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It's been half a year since Multnomah County voters passed universal preschool. Where does the program stand?

The first kids to benefit from Preschool for All won't see their tuition covered until 2022. The county expects to only enroll between 500 to 1,000 kids at first.

PORTLAND, Ore. — Multnomah County voters passed universal preschool and a new personal income tax on their ballots in November 2020. 

Seven months later, where do things stand? We learned providing free preschool to every three- and four-year-old in the county will be a slow ramp-up.

In one of the area's largest preschool programs, children choose how they learn. Pipster Prep owner Tessa Steinberg wants to give every kid this same opportunity. 

"We cost what the going rate costs for preschool," Steinberg said. "And it is hard, it's not accessible for a lot of families."

She's excited about the promise that quality education will be more accessible through the county's new Preschool for All program.

The program was created when voters in Multnomah County passed a new tax last year that promised to cover preschool tuition for every three- and four-year-old in the county.

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"I'm hoping to obviously be one of the first providers to be able to jump on board because it sounds like there's going to be a lot of support for providers as far as helping us pay our teachers better," Steinberg said.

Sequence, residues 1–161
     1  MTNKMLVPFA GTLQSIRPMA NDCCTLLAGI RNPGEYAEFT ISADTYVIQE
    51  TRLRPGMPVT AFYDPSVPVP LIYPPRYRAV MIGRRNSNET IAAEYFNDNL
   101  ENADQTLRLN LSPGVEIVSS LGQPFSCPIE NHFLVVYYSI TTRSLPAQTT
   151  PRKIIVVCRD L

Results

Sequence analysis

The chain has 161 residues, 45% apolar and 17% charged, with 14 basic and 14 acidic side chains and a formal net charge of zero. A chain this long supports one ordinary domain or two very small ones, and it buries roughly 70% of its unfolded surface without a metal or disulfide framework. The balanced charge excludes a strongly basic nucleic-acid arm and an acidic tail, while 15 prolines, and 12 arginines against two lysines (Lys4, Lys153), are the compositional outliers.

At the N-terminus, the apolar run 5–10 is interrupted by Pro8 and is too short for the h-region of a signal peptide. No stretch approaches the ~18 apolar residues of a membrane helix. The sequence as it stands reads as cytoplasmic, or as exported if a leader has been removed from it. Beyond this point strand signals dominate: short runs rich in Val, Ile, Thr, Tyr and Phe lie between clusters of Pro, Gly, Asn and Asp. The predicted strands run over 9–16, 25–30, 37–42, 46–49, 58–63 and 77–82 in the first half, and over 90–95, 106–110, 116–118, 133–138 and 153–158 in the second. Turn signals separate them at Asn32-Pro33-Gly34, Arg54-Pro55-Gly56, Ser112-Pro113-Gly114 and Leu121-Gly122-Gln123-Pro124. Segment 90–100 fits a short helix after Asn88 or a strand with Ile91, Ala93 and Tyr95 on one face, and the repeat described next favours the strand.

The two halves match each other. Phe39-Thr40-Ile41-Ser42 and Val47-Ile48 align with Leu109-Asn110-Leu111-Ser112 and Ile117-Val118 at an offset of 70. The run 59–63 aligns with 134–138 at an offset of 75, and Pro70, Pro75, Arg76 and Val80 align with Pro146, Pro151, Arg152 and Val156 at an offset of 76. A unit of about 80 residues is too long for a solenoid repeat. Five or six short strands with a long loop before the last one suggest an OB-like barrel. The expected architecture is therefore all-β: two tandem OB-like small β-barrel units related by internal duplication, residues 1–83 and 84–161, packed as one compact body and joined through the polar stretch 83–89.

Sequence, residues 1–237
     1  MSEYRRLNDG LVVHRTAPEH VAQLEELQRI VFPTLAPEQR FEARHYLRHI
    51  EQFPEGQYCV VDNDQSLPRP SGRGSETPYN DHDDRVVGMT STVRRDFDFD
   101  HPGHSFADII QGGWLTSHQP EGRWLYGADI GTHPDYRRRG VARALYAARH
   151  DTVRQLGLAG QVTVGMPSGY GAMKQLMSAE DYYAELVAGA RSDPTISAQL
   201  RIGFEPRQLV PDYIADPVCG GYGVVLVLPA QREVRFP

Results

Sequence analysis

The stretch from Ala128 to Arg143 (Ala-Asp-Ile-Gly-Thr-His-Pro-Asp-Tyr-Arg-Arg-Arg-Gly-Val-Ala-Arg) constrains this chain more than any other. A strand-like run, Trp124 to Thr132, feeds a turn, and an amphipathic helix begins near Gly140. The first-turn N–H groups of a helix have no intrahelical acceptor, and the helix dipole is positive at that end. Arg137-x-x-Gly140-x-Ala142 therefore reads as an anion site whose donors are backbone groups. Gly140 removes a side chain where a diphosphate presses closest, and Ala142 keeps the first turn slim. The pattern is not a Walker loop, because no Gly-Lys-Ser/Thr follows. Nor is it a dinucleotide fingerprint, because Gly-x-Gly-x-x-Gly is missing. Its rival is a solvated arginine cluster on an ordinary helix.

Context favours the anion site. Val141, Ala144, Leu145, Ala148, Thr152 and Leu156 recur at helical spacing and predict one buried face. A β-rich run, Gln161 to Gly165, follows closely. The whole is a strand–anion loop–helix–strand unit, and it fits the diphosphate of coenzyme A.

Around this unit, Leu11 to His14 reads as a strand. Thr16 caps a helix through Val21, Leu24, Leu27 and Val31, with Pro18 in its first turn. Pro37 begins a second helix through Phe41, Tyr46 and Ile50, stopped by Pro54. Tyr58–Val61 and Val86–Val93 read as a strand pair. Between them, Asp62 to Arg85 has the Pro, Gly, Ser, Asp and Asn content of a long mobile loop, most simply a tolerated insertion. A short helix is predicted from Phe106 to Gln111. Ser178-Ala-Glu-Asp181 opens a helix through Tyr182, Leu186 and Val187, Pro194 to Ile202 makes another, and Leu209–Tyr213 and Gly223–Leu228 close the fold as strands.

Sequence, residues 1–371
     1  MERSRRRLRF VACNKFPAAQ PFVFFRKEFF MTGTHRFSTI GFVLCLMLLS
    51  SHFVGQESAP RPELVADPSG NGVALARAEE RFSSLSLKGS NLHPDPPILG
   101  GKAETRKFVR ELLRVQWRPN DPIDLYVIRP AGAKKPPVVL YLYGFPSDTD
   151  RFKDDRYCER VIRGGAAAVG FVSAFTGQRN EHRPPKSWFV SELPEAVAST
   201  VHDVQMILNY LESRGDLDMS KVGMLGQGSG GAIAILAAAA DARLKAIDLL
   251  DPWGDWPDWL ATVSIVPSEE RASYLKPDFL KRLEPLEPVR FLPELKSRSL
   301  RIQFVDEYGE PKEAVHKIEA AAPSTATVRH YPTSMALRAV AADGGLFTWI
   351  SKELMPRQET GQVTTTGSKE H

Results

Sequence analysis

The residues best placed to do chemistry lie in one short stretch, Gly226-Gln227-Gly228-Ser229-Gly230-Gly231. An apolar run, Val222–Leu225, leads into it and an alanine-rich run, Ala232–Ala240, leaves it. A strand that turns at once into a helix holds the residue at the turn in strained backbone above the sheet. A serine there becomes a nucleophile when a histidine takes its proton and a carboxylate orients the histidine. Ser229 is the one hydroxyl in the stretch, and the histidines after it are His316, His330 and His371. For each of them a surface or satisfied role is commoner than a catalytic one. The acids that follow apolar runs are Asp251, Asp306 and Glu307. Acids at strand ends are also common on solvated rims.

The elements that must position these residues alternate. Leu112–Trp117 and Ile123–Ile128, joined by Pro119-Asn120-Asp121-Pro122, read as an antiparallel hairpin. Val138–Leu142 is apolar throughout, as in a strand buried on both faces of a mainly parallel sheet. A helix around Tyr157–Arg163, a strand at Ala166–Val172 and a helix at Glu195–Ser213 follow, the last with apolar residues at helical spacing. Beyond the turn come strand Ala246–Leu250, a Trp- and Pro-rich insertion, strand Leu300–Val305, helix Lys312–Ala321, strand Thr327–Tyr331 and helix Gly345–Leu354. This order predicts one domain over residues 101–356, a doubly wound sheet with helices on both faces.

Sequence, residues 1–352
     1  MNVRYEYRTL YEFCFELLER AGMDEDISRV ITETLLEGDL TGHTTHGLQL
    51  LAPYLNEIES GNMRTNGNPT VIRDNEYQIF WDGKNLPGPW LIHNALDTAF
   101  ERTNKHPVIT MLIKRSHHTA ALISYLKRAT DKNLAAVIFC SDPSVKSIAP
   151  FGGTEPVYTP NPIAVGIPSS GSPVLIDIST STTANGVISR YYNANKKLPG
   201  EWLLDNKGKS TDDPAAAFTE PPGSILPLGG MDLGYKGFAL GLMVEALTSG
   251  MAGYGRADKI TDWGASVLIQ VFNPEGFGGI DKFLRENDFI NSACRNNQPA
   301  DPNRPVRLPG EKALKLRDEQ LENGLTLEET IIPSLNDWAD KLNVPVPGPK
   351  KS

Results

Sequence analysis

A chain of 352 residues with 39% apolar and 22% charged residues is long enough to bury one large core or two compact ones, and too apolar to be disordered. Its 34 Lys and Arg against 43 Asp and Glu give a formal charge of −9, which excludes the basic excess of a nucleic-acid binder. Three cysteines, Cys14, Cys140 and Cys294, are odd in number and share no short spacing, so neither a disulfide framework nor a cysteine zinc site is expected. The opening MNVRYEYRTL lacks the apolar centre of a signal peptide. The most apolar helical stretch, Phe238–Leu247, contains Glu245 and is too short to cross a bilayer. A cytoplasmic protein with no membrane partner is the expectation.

Despite her excitement, she might be waiting a while before she sees any kids enrolled in her school through Preschool for All.

The first kids to benefit from the program won't see their tuition covered until fall 2022. The county expects to enroll between 500 to 1,000 kids at first, out of an estimated 11,000 eligible preschoolers. 

After that, the program will grow incrementally until the end of the decade. The county estimates they won't have enough money to cover all preschoolers who will seek out the program until 2030.

Multnomah County commissioner Jessica Vega Pederson championed the program for years before putting it on the ballot. 

"We have thousands of children in this county that don't have an opportunity to succeed," Vega Pederson said. "All of us as a community benefit from this long-term, stable impact in preschool that's going to improve educational outcomes and economic outcomes."

RELATED: Multnomah County measure would make preschool tuition-free

The county's new Preschool & Early Learning Division Director Leslee Barnes said kids who don't have any access to preschool will get first dibs. 

"I do think it’ll be competitive. And I think we will really take time to find those children that haven’t had this opportunity that maybe could benefit more than another child," Barnes said. "It’ll be difficult to make those choices and hard to hear, probably, for some families."

Preschools can apply this fall to participate, while families will apply early next year. 

Barnes said they're reaching out to providers now, mostly providers of color who serve non-English speakers.

But several preschool owners told KGW they need more answers about how the program will work and when they could get slots.

"I believe in the overall mission of it, for sure, and I think it will be a really good thing for our city. It's just a matter of working out all the logistics," Steinberg added.